A team of scientists at Virginia Commonwealth University has synthesized a powerful new magnetic material that could reduce the dependence of the United States and other nations on rare earth elements produced by China.
"The discovery opens the pathway to systematically improving the new material to outperform the current permanent magnets," said Shiv Khanna, Ph.D., a commonwealth professor in the Department of Physics in the College of Humanities and Sciences.
The new material consists of nanoparticles containing iron, cobalt and carbon atoms with a magnetic domain size of roughly 5 nanometers. It can store information up to 790 kelvins with thermal and time-stable, long-range magnetic order, which could have a potential impact for data storage application.
When collected in powders, the material exhibits magnetic properties that rival those of permanent magnets that generally contain rare earth elements. The need to generate powerful magnets without rare earth elements is a strategic national problem as nearly 70 to 80 percent of the current rare earth materials are produced in China.
The team's findings will appear in the article "Experimental evidence for the formation of CoFe2C phase with colossal magnetocrystalline-anisotropy," in a forthcoming issue of Applied Physics Letters.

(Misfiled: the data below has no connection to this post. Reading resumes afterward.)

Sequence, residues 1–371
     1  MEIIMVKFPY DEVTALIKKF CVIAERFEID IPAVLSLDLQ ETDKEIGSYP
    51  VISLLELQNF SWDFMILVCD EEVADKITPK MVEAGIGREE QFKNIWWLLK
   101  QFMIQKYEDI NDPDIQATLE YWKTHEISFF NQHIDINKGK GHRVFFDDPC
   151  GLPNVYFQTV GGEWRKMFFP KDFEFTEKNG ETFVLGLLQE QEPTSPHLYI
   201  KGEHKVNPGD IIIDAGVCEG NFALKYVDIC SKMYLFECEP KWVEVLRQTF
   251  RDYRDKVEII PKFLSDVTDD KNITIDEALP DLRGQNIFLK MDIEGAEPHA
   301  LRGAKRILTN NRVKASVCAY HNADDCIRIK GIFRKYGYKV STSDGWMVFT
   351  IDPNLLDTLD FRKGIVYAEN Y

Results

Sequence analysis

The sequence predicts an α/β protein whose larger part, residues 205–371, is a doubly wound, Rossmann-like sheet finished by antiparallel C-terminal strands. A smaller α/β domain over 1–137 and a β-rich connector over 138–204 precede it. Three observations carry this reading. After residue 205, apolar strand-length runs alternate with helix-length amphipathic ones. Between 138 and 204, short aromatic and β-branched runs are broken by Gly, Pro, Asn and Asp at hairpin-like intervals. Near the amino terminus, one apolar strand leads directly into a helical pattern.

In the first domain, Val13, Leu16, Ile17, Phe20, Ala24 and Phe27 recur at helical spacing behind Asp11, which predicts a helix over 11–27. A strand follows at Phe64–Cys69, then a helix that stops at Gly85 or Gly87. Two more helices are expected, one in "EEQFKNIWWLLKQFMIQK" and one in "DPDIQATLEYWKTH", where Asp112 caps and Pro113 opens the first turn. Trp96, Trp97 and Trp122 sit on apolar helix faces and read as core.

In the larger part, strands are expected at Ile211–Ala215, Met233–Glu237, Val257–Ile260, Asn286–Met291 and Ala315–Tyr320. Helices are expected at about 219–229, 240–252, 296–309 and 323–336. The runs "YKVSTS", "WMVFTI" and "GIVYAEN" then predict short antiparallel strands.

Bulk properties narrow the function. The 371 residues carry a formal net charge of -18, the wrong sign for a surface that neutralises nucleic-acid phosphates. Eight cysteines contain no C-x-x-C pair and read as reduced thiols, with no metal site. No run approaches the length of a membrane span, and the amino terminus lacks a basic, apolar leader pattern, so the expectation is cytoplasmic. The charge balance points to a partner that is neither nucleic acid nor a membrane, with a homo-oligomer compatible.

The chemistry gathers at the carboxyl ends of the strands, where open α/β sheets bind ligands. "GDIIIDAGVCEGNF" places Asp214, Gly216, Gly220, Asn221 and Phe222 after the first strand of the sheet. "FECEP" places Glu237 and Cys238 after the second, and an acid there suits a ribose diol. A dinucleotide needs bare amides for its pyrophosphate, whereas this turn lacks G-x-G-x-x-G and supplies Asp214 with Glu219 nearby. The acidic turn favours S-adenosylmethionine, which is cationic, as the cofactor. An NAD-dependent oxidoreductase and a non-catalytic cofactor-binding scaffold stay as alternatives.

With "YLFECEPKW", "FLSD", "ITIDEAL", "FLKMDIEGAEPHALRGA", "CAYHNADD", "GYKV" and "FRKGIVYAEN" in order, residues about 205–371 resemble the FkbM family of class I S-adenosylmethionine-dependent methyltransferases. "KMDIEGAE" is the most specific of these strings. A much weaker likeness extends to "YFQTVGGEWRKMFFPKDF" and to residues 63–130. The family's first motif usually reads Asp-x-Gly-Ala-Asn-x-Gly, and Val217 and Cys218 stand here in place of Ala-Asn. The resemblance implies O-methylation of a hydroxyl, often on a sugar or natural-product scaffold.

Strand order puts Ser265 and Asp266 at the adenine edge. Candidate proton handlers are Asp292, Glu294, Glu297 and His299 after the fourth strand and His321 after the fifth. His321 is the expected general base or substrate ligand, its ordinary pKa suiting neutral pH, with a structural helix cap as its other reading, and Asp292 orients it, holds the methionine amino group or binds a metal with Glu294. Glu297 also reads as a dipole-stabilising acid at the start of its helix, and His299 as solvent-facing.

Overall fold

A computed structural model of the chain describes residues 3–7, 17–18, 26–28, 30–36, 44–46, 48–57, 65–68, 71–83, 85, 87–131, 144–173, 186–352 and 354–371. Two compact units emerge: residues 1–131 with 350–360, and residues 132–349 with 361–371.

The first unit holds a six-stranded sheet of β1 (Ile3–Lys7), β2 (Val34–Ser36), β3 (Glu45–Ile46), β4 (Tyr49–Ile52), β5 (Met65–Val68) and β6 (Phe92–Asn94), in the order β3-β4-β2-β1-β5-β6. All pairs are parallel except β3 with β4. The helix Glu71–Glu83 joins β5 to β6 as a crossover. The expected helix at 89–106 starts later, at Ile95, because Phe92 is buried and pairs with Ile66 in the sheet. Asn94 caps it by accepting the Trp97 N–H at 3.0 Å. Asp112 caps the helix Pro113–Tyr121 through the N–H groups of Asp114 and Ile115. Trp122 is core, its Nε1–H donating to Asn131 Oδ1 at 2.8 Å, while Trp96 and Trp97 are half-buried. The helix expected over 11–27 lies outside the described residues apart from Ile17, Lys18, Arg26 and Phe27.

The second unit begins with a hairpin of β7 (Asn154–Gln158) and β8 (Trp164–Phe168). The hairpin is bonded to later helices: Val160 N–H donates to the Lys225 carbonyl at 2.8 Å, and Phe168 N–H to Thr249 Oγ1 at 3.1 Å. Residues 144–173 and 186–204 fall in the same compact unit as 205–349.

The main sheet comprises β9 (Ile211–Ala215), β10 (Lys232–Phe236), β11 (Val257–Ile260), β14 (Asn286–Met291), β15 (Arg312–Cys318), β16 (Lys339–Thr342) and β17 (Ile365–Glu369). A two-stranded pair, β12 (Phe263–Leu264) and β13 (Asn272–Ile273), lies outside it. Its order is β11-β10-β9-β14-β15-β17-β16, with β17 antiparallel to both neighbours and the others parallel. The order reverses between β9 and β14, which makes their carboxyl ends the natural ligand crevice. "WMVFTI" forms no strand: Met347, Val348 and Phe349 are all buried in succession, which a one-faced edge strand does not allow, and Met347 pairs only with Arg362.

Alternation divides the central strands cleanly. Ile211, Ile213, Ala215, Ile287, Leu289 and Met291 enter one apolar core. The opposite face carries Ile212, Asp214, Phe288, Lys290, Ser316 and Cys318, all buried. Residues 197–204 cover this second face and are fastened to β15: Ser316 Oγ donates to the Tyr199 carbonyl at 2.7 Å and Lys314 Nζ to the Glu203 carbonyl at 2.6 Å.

Permanent magnets, specifically those containing rare earth metals, are an important component used by the electronics, communications and automobile industries, as well as in radars and other applications.
Additionally, the emergence of green technology markets -- such as hybrid and electric vehicles, direct drive wind turbine power systems and energy storage systems -- have created an increased demand for permanent magnets.
However, China is the main supplier of world rare earth demands and has tried to impose restrictions on their export, creating an international problem.
The current paper is a joint experimental theoretical effort in which the new material was synthesized, characterized and showed improved characteristics following the theoretical prediction.
"This is good science along with addressing a problem with national importance," said Ahmed El-Gendy, a former postdoctoral associate in the Department of Chemistry in the College of Humanities and Sciences and a co-author of the paper.
Everett Carpenter, Ph.D., a professor in the Department of Chemistry and director of the VCU's Nanoscience and Nanotechnology Program, said the new material is "already showing promise, even for applications beyond permanent magnets."
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